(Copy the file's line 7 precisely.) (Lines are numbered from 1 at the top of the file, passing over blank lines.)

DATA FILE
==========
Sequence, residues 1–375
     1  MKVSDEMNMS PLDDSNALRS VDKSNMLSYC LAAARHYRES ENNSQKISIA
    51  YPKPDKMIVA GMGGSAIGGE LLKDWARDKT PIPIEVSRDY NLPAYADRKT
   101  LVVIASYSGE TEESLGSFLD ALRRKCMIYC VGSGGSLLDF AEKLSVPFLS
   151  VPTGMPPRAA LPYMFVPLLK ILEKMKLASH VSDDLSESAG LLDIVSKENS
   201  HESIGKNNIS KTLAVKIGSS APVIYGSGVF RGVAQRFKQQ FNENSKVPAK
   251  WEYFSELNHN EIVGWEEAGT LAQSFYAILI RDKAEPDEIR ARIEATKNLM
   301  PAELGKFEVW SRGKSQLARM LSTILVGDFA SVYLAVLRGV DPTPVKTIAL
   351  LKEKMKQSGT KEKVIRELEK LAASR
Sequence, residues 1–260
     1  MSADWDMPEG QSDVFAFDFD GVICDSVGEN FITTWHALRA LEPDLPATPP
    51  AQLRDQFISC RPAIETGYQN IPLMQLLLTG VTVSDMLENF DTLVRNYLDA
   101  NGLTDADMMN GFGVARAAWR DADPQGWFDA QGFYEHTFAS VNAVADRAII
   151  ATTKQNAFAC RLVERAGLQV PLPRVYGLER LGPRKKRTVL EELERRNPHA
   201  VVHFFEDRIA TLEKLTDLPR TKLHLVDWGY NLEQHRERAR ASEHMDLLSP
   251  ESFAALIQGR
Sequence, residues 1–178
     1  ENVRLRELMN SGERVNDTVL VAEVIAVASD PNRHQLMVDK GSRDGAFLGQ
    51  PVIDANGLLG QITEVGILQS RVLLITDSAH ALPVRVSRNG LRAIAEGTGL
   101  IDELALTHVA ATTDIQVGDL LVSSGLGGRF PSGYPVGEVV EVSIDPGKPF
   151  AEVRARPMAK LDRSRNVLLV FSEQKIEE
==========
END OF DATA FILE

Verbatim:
   251  WEYFSELNHN EIVGWEEAGT LAQSFYAILI RDKAEPDEIR ARIEATKNLM